Edmund the real deal Down Under

The 2018 Australian Open was a chance for the younger generation to really make their mark on the game, with Andy Murray absent and Novak Djokovic clearly not fully fit heading to Melbourne Park.

However, one again it was the old man of tennis who shone through, with Roger Federer claiming a sixth Aussie Open crown and 20th Grand Slam title.

The ‘big four’ have dominated the sport for the past decade, with very few players even threatening to join their club, but Kyle Edmund’s rise in the Australian Open showed that he is ready for that challenge.

The 23-year-old has threatened to make the breakthrough during the past couple of seasons with a few notable scalps plus a run to the fourth round of the 2016 US Open, but he took his game to a new level Down Under.

Working behind a powerful serve, the South African-born ace took out the likes of Kevin Anderson, Denis Istomin, Andreas Seppi and Grigor Dimitrov before finding Marin Cilic too hot to handle in the semis.

He has now overtaken Murray as the British number one and, although playing down the feat due to the Scot’s injury absence, there seems no question that he is destined for a stellar career at the top.

While the Australian Open proved that he has the game to challenge the best, he was also strong mentally and that is a huge positive for the challenges ahead.

Edmund appears to be a level-headed person and one that will not be too affected by the trappings of fame and success which go with being the nation’s best player.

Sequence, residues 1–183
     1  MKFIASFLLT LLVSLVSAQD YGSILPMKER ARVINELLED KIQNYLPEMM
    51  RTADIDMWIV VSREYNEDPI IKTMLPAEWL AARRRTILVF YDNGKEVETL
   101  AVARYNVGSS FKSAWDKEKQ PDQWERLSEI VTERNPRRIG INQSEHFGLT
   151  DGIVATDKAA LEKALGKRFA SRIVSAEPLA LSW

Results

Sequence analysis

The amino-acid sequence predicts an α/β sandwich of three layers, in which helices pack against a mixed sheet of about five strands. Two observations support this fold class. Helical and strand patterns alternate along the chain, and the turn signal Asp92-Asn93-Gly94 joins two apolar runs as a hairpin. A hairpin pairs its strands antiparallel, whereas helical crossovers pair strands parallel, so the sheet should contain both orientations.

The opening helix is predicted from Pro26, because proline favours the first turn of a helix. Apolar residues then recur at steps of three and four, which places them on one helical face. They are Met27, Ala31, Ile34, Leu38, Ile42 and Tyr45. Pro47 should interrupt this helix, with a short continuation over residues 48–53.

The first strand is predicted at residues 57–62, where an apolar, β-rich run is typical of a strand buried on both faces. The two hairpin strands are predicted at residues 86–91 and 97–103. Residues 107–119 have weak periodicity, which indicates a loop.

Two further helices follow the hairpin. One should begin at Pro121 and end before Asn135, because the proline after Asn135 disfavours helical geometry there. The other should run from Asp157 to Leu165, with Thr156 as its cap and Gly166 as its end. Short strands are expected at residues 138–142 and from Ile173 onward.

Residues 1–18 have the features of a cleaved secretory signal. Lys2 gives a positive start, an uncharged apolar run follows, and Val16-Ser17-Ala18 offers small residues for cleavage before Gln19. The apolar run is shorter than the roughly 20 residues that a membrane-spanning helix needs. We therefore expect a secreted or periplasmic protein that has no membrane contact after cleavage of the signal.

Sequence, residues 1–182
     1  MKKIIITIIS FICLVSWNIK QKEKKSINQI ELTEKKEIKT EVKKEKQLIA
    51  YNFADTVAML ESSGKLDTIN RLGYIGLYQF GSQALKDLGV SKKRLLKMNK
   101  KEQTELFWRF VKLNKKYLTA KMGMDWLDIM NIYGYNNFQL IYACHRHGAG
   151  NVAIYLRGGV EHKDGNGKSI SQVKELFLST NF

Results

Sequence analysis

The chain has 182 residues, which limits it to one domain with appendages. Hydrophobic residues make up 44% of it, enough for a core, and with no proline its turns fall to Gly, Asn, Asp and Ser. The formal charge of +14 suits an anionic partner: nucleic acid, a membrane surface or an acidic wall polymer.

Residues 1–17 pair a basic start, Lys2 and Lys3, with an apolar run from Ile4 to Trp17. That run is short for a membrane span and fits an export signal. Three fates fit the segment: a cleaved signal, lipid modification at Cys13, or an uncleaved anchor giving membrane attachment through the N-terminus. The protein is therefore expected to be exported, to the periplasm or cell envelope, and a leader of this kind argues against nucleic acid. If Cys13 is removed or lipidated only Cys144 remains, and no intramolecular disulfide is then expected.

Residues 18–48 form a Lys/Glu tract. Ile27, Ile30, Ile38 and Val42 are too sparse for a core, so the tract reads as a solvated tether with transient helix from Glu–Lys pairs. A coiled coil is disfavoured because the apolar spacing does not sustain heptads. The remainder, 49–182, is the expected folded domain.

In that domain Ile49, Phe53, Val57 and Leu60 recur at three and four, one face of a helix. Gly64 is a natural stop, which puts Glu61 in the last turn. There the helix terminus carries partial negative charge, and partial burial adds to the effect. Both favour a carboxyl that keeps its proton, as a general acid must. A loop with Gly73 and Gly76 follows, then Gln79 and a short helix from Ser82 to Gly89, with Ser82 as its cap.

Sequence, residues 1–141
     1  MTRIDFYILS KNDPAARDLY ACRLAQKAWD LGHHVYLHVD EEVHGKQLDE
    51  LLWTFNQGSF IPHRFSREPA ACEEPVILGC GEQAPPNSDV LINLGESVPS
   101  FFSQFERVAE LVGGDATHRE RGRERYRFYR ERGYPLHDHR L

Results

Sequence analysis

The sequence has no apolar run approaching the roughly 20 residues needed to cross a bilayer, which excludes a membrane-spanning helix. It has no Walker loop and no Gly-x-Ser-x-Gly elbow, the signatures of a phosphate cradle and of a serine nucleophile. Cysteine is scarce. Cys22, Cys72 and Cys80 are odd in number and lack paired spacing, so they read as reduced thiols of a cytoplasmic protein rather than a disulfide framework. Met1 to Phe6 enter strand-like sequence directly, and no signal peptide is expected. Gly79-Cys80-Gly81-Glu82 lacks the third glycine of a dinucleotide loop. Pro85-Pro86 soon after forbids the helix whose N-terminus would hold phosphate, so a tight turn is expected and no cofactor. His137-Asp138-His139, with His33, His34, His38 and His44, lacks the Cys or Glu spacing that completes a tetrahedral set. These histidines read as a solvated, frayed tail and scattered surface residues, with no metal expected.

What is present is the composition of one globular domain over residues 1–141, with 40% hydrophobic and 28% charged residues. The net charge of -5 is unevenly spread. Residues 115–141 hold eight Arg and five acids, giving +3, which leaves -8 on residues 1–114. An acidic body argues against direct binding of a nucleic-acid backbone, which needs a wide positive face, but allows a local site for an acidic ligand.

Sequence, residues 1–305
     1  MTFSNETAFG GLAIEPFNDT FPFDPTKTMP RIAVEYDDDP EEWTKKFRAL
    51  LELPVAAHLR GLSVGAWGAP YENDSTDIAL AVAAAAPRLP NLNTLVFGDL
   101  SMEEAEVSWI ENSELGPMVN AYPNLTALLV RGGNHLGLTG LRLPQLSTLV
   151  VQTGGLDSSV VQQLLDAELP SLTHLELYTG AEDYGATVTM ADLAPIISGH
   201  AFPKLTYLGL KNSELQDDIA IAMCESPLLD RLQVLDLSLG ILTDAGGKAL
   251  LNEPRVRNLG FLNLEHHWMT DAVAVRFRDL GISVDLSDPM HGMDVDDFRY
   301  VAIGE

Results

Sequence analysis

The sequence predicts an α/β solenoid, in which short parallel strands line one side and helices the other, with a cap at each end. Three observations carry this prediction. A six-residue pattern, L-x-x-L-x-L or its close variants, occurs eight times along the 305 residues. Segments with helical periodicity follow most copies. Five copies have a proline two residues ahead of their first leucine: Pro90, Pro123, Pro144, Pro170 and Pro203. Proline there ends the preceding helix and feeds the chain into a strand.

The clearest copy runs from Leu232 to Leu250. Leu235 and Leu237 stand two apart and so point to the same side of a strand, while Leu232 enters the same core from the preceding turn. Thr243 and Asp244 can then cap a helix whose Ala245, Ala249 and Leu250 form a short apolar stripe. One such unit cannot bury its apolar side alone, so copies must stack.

He may have to wait a few more years for a first Grand Slam, with Rafael Nadal, Djokovic and Murray seemingly not done yet, while Federer’s longevity continues to deny all logic.

Another player to emerge from the tournament with credit and one that may enjoy a rivalry with Edmund over the next decade is Chung Hyeon.

A run to the third round of the 2017 French Open was the South Korean’s best return in the Slams until making the Melbourne last four, and who knows what might have happened had he been fully fit against the Swiss.

Accounting for Alexander Zverev and an out-of-sorts Djokovic along the way is no mean feat and the world number 23 looks destined for the top 10 in the near future.

Djokovic’s fourth-round exit plus Nadal’s retirement against Cilic hinted that men’s tennis is on the cusp of a changing of the guard.

The duo, along with Murray, have seen off all-comers over the years which seems to have taken its toll, and it would be no surprise to see them cut back their schedules when fit to prolong their careers.

The Australian Open showed us that there is talent emerging but until someone can find a way of getting past Federer, then there is going to be a familiar name on the biggest trophies for a while yet.